Specialized hydraulics technology offers many benefits to wind energy
To ensure that the pitch is accurately controlled, hydraulics technology is used in conjunction with variable speed technology. Typically, three pitch control systems are used, one for each blade, located inside the hub. These consist of a hydraulic cylinder that varies the pitch of each blade through a cam action. Specially designed, these cylinders are part of a closed loop control system, featuring internal transducers that are incorporated into each cylinder’s design, and are completely sealed from the harsh environments encountered by wind turbines, particularly those located offshore.
Hydraulic pitch control systems can be controlled with various degrees of precision by implementing the latest designs of analogue or digital valves. These allow design engineers to choose from standard proportional valves and high response units for more intelligent applications, with integrated blocks containing all the necessary valves being mounted directly onto the units.
As well as controlling the pitch of the blades, the yaw or rotational position of the turbine also needs to be continually adjusted in order to obtain maximum efficiency. Output is optimized when the blades are facing directly into the wind, and this is achieved by the horizontal rotation of the nacelle about the axis of the tower. Unlike electromechanically powered systems, which require a separate transmission, hydraulically powered yaw control systems offer a more compact and simpler direct drive, reducing the frequency of maintenance required or components to be replaced. A hydraulic drive can also incorporate hydro-pneumatic accumulators, which have damping properties that protect the mechanical components in a system from overload by absorbing the effects of external forces.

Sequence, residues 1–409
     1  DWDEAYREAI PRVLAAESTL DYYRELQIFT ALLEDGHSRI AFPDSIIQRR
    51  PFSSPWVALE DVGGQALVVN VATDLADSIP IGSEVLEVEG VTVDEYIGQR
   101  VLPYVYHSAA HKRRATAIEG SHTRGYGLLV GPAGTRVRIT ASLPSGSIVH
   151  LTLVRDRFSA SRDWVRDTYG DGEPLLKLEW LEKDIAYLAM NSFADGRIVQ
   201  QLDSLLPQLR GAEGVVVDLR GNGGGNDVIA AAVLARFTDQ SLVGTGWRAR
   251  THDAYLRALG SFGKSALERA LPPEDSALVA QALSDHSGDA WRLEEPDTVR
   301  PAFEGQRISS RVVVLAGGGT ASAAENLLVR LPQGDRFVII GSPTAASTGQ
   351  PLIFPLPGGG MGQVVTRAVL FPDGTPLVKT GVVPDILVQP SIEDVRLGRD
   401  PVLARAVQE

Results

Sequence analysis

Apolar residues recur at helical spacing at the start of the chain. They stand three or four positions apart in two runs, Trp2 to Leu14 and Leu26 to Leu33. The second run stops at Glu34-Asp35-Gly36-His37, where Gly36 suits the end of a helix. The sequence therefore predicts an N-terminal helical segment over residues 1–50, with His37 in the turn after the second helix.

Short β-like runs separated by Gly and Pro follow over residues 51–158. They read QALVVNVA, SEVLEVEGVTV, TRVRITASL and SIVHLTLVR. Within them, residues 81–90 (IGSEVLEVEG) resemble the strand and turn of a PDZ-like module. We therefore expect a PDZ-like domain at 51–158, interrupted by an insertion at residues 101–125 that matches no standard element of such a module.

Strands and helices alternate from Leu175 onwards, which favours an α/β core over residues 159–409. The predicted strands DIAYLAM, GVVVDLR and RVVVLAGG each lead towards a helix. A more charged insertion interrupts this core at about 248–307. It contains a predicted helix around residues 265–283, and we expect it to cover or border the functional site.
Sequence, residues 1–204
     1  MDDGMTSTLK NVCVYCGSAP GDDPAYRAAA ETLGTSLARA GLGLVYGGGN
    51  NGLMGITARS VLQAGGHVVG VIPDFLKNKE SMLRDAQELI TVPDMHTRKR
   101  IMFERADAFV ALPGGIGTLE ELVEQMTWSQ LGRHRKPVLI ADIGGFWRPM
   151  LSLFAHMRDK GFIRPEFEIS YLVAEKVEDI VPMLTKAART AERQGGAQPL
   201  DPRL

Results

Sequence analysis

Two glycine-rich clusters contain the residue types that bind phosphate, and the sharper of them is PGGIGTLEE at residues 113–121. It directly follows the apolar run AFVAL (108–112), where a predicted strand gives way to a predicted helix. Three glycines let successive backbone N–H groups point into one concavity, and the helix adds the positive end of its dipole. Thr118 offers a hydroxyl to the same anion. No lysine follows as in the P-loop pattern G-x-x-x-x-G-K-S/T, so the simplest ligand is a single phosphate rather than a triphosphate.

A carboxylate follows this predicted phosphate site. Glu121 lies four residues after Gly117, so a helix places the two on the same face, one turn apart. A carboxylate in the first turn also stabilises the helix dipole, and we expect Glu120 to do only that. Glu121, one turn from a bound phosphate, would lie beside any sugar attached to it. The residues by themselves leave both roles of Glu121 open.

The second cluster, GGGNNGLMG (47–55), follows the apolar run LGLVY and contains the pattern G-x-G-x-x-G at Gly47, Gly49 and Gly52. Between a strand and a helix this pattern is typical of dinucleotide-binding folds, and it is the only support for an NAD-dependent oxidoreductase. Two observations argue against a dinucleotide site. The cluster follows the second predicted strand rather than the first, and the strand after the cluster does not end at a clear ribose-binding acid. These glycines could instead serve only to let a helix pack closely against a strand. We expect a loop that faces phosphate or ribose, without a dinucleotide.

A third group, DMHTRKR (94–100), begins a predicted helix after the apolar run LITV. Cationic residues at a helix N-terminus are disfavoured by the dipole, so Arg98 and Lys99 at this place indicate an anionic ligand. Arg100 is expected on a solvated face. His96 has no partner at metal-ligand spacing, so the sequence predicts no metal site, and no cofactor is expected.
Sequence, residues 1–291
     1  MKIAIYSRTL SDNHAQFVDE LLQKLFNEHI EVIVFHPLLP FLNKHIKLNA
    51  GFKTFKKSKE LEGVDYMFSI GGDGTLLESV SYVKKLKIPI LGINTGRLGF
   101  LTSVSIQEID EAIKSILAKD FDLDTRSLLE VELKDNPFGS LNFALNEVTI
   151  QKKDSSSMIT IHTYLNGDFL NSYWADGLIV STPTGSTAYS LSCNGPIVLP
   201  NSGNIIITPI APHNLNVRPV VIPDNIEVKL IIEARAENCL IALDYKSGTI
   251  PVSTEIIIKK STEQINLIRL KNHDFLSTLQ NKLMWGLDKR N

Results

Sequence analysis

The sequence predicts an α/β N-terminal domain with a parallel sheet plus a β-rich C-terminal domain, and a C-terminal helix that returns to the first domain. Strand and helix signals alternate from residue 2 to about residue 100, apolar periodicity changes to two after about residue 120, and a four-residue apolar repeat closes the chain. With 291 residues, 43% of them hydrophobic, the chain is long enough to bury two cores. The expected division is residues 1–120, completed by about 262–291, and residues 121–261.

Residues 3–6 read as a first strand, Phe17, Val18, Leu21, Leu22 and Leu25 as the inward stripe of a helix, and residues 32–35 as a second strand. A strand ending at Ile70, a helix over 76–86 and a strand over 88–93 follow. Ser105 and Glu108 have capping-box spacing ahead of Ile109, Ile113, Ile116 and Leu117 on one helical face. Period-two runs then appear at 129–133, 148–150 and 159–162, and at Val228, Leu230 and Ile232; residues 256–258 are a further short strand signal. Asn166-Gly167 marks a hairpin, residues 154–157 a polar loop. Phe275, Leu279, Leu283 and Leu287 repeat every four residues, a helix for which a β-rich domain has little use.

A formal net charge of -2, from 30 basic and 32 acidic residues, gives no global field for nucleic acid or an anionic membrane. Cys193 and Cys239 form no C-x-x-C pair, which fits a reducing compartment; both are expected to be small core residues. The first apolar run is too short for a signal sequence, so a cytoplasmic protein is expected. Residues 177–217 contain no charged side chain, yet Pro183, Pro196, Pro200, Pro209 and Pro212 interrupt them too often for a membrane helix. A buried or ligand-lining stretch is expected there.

Secure braking system
Although pitching the blades of a turbine fully with the wind – 90º along the longitudinal axes – will usually be enough to bring the rotors to a halt within a few revolutions, a more secure braking system is required when maintenance work is needed to be carried out. Typically, high speed shaft (HSS) disc braking systems, incorporating compact hydraulic cylinders, are used to provide an effective solution.
This method of braking, i.e. locking the blades in position in relation to the nacelle, offers the level of reliability required with long stand-by times, low leakage operation, and once again the ability to withstand the hostile conditions that many turbines are subjected to.
The power units of these brakes typically include a tank, pump and motor with a single diaphragm accumulator, and a high pressure return filter and tank breather. Although some wind turbines are designed in such a way that hydraulic power for the yaw brake is taken from the main power unit.
The latest hydraulic power units, whether designed to power shaft braking systems, yaw braking systems or pitch control cylinders, have been specifically designed so that they can be supplied ready for installation and commissioning, with a range of frame sizes and pumps available to fit most turbines. Compact and reliable, the latest generation of hydraulic power units features low maintenance requirements, even when operated in extreme conditions.
The European Wind Energy Association targets 180,000 MW installed by 2020
Specialized hydraulics technology offers many benefits in the wind power industry, enabling accurate control, increased efficiency and long low maintenance service life. These benefits together can lower operating costs significantly, essential if the targets set for renewable energy generation are to be met.
With the European Wind Energy Association setting a target of a 180,000 MW installed by 2020, including 70,000 MW of capacity offshore, wind power’s continued growth looks set to continue, with the latest hydraulics technology ensuring that state-of-the-art turbines can be installed and operated cost effectively.